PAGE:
John Kay is an economist who writes interesting thought-pieces for the Financial Times. Here is some selected text from an article published earlier this month, in which Kay discusses how watching share prices can be unhealthy.
Last week I bought shares in Royal Bank of Scotland ahead of the company’s results. These were ahead of market expectations and the stock, purchased at £20.40, ended the week at £20.75. You would expect me to be pleased, and I was – until I noticed that in last week’s volatile markets, the price between times had dipped below £20.
But regret for not buying RBS shares at £20 serves no useful purpose. The opportunity to buy at that price on Wednesday afternoon has passed. Even if the chance comes again, which it probably will, a purchase will then have to be justified on its own merits.Nassim
Nicholas Taleb, the trader and author, illustrates the curse of knowledge with the example of the investor – call him Warren Buffett – who substantially outperforms the market over the long term. If Warren looks at his portfolio only every five years, the results will almost always be encouraging. If he reviews his investments annually, he will have observed more good years than bad ones. But even a successful investor who looks at his portfolio every day can easily become depressed. Fifty one per cent good days and 49 per cent bad days will produce a good result, just as someone whose coin tosses work out 51 per cent of the time will become extremely rich. But it may not feel like that.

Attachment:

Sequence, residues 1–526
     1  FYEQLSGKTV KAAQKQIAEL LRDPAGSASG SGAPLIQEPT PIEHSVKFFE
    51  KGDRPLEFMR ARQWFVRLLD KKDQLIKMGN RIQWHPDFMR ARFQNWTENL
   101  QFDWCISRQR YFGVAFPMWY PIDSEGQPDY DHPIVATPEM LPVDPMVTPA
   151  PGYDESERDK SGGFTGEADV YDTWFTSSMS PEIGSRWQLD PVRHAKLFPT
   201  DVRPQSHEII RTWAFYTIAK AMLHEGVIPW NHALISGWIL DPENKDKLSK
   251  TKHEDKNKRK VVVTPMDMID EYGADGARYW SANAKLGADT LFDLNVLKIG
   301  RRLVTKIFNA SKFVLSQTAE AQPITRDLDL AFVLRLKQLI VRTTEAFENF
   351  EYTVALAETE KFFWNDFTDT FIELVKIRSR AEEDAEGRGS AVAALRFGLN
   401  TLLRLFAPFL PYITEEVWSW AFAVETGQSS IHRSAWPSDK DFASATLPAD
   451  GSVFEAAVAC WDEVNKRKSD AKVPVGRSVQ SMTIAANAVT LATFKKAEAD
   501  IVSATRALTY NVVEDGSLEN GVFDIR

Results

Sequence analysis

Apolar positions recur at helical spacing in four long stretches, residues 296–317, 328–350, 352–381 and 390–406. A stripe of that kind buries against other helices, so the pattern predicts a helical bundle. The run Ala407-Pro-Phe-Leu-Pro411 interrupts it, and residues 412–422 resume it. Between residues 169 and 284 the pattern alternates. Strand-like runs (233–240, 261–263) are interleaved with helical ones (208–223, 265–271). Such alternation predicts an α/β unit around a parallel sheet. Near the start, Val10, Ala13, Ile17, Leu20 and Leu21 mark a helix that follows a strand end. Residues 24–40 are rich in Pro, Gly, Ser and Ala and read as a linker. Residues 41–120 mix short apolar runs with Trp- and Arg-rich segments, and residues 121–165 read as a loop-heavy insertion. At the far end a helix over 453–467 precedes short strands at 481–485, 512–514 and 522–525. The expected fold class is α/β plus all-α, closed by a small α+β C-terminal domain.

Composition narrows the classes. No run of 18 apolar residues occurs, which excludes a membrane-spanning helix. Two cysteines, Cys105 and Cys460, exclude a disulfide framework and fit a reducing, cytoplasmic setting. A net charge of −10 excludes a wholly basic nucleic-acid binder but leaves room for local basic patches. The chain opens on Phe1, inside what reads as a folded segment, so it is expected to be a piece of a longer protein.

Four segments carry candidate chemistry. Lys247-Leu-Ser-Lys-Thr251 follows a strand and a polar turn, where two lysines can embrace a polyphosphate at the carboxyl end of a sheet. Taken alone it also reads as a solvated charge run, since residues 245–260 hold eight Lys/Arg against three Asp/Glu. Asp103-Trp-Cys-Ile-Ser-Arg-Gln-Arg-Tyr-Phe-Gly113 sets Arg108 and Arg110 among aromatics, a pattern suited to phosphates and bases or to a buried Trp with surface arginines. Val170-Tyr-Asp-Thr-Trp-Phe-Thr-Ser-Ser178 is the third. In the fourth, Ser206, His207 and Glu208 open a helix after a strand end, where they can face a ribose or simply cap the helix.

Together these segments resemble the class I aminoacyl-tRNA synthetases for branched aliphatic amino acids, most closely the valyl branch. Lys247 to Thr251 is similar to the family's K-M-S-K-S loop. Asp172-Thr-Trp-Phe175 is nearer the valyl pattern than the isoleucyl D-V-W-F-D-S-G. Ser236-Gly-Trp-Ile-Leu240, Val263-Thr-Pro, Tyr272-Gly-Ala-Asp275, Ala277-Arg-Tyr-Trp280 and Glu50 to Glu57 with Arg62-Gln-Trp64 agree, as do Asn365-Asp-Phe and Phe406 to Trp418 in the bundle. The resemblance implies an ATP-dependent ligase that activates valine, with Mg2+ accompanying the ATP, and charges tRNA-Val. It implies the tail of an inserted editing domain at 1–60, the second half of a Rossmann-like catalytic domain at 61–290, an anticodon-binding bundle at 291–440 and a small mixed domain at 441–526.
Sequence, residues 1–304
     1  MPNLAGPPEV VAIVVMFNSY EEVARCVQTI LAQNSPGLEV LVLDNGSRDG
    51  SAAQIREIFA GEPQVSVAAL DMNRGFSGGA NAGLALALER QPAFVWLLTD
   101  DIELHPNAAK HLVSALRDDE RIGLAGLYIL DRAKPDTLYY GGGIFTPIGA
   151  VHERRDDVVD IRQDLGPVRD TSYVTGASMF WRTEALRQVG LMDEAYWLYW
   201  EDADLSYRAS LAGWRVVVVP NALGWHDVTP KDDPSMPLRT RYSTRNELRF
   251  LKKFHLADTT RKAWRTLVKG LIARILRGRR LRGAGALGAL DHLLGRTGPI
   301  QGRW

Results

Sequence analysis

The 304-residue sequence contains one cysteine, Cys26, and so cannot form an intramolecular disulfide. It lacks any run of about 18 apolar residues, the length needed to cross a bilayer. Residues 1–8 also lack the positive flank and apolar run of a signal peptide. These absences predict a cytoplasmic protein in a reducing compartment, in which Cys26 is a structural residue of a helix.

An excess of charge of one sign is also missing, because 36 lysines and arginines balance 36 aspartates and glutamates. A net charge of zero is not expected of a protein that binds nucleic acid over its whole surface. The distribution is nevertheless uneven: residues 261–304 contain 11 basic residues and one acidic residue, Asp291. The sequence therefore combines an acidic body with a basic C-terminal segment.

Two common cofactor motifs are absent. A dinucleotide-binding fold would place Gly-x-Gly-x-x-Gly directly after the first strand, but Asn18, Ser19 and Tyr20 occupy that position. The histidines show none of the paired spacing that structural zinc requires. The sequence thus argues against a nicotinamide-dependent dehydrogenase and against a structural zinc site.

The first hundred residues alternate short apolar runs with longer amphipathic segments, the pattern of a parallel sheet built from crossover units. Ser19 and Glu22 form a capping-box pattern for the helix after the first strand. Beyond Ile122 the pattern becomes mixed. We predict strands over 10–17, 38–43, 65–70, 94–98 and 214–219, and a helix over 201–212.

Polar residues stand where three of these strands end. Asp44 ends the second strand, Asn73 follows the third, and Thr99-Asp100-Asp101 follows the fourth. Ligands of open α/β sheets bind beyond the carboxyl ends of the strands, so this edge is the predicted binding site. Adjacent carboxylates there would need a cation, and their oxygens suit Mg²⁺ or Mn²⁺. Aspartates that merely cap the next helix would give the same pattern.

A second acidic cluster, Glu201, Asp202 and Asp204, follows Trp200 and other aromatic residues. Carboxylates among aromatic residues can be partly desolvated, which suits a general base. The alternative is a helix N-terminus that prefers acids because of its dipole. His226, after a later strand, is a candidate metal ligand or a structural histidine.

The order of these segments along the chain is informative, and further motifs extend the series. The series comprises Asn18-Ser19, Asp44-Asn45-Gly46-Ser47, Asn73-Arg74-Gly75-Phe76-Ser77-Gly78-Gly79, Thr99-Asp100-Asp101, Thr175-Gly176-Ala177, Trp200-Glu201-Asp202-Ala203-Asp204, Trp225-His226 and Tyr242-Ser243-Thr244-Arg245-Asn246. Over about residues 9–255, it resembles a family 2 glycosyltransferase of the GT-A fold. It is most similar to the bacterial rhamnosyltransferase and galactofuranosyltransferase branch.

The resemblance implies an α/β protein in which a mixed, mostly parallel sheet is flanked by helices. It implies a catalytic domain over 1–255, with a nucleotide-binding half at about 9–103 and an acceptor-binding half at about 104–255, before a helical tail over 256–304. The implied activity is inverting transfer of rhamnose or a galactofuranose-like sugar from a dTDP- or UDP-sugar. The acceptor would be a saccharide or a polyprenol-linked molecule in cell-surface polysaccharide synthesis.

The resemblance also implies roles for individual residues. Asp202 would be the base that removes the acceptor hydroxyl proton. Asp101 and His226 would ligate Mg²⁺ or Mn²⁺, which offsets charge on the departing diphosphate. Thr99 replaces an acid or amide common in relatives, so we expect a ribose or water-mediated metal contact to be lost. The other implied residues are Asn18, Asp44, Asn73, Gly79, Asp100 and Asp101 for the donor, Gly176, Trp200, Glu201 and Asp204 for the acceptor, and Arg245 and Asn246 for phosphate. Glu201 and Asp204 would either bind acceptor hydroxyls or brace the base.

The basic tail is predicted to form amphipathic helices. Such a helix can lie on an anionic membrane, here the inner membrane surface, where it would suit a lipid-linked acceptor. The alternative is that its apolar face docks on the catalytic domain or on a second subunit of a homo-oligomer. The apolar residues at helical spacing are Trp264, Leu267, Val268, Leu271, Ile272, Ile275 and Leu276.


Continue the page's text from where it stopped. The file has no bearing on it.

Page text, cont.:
For those who follow events too closely, the pain of regret can far outweigh the joys of success. Life, and markets, contain so many missed opportunities. Monitoring your portfolio every day will impose a high emotional cost for negligible financial benefit.“
Many investors will have concluded that the current turmoil makes it vital to be close to the market. The opposite conclusion is true.” – noise is relative, what is noise? depends on your time horizon.
The message is clear: try to cultivate the broader outlook and don’t obsess with every fluctuation. For short-term, higher frequency traders, the message is that we shouldn’t pay too much attention to the daily swings in our equity. Indeed, in theory, if we are satisfied that we have an edge and if this is supported by our trading record, then we shouldn’t feel overly elated on a day of strong profit, because we know losses are just around the corner, and vice-versa. Imagine a company publishing it’s accounts every day. It distracts from the bigger picture.
I’ll confess that I am a long way off being emotionally neutral when faced with short-term losses and profits, but it is something I am working towards.